Phun With Phantoms
Another week passes and I've been able to complete a bit more work on the 3D model for RF-4C 67-438 for the East Mississippi Veterans Memorial Park art project. The preliminary work on the model has been finished. I "collapsed" the model after smoothing it and then did a lot of work cleaning up after the smoothing operation. Smoothing (adding a Turbosmooth modifier in 3DS Max) doubles polygons on the model, but it really does a number on it sometimes. Like a little kid, you have to go in and clean up after it a bit (ha!). If you're a bit curious, here's what this model looks like as a wire frame, without any texture:
So, what happened this week with 67-438? After collapsing and cleaning up the mesh I modeled the small air scoops near the nose of the plane, located underneath the cockpit. And then I made all the edge cuts needed to frame out the canopy. She really started to liven-up for me at this point once the canopy was framed.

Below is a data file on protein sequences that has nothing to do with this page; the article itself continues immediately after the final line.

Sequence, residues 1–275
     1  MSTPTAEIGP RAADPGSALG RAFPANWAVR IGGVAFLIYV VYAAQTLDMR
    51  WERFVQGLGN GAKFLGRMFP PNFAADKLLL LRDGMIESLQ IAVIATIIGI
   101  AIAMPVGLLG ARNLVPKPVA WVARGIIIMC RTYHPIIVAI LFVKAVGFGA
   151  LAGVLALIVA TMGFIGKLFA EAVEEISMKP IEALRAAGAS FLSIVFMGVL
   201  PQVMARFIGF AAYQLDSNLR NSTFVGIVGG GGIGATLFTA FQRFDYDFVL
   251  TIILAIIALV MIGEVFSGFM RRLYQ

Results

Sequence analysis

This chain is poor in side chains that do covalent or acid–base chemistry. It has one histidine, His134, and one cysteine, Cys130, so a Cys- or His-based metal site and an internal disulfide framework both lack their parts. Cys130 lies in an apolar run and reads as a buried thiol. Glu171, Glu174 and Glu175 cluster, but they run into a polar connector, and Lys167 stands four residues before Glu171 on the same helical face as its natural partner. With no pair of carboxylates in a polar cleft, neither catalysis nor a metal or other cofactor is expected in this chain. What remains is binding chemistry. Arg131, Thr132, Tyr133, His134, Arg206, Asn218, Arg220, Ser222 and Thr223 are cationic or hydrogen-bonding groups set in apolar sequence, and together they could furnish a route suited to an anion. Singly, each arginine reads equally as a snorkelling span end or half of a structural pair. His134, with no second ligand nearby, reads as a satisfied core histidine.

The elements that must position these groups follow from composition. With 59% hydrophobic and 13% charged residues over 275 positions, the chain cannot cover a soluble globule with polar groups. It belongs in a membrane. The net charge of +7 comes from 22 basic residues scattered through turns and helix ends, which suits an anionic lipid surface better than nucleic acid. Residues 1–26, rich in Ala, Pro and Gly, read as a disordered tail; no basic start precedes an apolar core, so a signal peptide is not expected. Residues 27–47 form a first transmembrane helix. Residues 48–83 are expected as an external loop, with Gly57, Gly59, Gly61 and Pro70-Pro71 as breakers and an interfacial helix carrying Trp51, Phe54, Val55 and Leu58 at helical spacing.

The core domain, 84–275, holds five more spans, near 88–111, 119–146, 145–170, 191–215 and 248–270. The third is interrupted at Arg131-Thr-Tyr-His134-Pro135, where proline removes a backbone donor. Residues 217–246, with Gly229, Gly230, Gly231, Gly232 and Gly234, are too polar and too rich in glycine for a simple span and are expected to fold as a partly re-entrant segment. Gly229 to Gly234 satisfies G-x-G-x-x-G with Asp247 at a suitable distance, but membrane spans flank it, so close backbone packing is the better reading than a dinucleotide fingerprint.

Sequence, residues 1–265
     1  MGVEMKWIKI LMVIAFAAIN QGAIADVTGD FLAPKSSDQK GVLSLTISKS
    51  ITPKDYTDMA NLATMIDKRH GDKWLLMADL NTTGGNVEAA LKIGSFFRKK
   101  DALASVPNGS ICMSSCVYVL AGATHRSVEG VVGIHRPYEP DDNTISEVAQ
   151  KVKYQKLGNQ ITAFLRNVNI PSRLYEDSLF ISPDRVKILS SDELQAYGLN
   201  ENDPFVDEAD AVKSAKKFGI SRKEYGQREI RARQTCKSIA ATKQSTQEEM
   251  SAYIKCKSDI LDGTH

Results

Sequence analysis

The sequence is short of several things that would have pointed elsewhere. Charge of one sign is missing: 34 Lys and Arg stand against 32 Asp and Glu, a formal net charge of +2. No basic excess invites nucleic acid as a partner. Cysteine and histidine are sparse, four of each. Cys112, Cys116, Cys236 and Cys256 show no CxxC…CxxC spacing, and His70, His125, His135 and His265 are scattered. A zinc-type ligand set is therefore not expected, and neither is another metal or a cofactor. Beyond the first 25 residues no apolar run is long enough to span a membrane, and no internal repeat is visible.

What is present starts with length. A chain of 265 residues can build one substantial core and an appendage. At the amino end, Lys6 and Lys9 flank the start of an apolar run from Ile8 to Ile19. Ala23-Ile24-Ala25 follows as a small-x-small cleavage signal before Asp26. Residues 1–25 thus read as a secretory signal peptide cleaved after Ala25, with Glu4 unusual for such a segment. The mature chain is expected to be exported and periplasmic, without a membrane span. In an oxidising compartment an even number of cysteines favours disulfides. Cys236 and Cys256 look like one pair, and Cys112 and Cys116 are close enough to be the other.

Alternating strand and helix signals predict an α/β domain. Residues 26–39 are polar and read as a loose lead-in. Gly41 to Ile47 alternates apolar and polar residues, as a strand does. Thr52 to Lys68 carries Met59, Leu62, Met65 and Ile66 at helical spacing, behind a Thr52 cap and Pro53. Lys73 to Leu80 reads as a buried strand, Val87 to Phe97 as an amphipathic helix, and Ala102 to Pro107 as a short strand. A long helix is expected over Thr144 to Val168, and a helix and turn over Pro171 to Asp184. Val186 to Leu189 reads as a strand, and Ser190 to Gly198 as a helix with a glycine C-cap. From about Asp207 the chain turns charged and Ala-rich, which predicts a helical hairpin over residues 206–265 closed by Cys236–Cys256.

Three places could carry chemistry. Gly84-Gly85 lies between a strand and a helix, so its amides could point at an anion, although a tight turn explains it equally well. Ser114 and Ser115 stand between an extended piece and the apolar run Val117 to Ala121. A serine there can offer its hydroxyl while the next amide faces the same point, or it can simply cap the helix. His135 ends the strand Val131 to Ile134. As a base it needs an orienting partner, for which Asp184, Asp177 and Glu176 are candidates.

I also modeled the two sensors at the tail of the plane.....
No "happy face vent" underneath the sensors yet though. This is still only half a model (the left half) with a symmetry modifier in place to give it the appearance of a whole plane. The benefit to making a 3D model this way is whatever I do on one side automatically happens on the other side. Then the model gets collapsed as a whole object. Once this has been collapsed and made whole I'll model that vent.
I'll also be able to model the small antennas and other asymmetric features on the plane once it's been collapsed. For now, I have work to do on the oblique cameras/sensors near the front of the plane. That should be... interesting.
I'll have to separate the canopy from the fuselage. I'll use a "shell" modifier on that to give it a bit of depth and structure. I'll be left with a big, canopy shaped hole in the fuselage when I do that. So, I'll create new polygons to close up the hole, then I'll extrude downward and create a rough cockpit for the Pilot and Weapon Systems Officer (WSO... AKA the "guy in back"). I guess that means I'll have to start working on ejection seats soon, too!
Guess that's about it for today. I hope you all have a great week and, as always, thanks for stopping by, checking out my work, and reading along.